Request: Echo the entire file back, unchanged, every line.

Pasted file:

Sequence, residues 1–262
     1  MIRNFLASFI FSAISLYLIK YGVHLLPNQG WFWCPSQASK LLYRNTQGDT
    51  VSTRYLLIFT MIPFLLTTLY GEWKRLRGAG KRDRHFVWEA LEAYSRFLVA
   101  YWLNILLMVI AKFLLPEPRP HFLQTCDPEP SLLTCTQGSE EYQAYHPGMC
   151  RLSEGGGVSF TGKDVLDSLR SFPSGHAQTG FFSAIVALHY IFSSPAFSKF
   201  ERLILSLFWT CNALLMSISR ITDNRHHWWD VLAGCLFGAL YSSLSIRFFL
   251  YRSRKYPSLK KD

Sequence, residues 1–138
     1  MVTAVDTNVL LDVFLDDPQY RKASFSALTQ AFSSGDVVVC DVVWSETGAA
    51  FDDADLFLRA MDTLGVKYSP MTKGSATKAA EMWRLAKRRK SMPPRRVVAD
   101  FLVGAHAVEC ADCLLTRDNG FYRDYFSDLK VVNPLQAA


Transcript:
Sequence, residues 1–262
     1  MIRNFLASFI FSAISLYLIK YGVHLLPNQG WFWCPSQASK LLYRNTQGDT
    51  VSTRYLLIFT MIPFLLTTLY GEWKRLRGAG KRDRHFVWEA LEAYSRFLVA
   101  YWLNILLMVI AKFLLPEPRP HFLQTCDPEP SLLTCTQGSE EYQAYHPGMC
   151  RLSEGGGVSF TGKDVLDSLR SFPSGHAQTG FFSAIVALHY IFSSPAFSKF
   201  ERLILSLFWT CNALLMSISR ITDNRHHWWD VLAGCLFGAL YSSLSIRFFL
   251  YRSRKYPSLK KD

Sequence, residues 1–138
     1  MVTAVDTNVL LDVFLDDPQY RKASFSALTQ AFSSGDVVVC DVVWSETGAA
    51  FDDADLFLRA MDTLGVKYSP MTKGSATKAA EMWRLAKRRK SMPPRRVVAD
   101  FLVGAHAVEC ADCLLTRDNG FYRDYFSDLK VVNPLQAA